My wife, aged 53, passed away in September this year. I am 71. I am the beneficiary of her (traditional) IRA. I understand that I have 4 choices:
1. Treat the IRA as my own, by becoming the owner.
2. Roll it into one of my existing IRAs.
3. Roll it into an annuity plan.
4. Remain as beneficiary of the IRA (I suppose my wife would continue to be the "owner"?)
- What are the tax implications of each choice?====>>for the choice 1,you can transfer the existing IRA into your name and defer distributions until RMDs are required .So,Once you hit age 70?, or the year following the owner's death, whichever is later. the IRS requires you to start withdrawing from the ira. and paying taxes on the irs
Choice 2;once you choose to roll over the inherited IRA assets to your own IRA, the rules for RMDs will apply. So, you must withdraw a certain amount of money from your IRA, including inherited assets, each year once you reach age 70?. So,Once you hit age 70?, the IRS requires you to start withdrawing from the ira. and paying taxes on the irs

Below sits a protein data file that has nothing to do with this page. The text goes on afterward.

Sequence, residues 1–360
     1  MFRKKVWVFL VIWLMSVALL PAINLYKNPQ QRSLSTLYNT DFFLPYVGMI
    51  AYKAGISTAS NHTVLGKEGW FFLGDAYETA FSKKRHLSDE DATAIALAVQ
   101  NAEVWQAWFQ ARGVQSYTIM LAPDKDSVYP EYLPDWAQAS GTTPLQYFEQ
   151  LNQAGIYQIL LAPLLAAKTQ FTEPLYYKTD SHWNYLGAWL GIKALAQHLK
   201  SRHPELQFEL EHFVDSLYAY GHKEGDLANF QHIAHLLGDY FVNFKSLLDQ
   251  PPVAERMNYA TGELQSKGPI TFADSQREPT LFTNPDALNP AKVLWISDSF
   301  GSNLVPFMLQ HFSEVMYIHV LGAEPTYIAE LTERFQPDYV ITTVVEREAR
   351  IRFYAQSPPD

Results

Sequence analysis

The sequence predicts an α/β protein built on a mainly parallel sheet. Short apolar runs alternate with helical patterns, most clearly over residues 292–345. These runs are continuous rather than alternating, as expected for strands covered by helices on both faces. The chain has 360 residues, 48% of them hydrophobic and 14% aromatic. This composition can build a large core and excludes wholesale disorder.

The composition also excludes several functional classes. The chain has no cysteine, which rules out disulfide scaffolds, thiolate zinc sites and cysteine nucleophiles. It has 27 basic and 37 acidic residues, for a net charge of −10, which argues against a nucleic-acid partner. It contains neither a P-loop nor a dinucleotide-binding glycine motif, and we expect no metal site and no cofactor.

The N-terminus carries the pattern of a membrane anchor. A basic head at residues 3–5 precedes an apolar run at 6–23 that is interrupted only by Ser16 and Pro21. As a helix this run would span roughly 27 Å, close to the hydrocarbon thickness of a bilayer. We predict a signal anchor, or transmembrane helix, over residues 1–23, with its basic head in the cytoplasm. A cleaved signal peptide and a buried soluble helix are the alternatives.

choice 3; buying,transferring an annuity with IRA money is the same as moving your money from its current IRA trustee to another IRA trustee. This kind of transaction is considered a direct transfer or a direct rollover which is tax-free. You will owe taxes on the monthly income you receive but not on the transfer.
choice 4; the benefits of this type of election work in the limited situation where your spouse dies well before the age of 70 ?,the time when she would have to have begun taking RMDs.Leaving the account as is allows you,the surviving spouse, to defer taking RMDs until the deceased spouse would have been required to do so. you can then take distributions from the account without incurring the 10% early withdrawal penalty. This choice is generally not the most tax-efficient way to handle the inherited account, but it?s the simplest way.
the problem with this choiceis; Your required annual minimum withdrawal calculation for each year must be made using your single life-expectancy as the divisor. With this option , you?ll wind up with a smaller divisor, bigger minimum withdrawal amounts and more taxes.
- My wife did not have to take Required Minimum Distribution. Do I have to? ======>>as said above, in your case no. Leaving the account as is allows you,the surviving spouse, to defer taking RMDs until the deceased spouse would have been required to do so.
Can I avoid taking RMD if I opt for choice #4?
- If I choose choice #4, how do I indicate to the IRS that I am doing so====>>yes in your casesince, your spouse passed away well before the age of 70 ?,the time when she would have to have begun taking RMDs.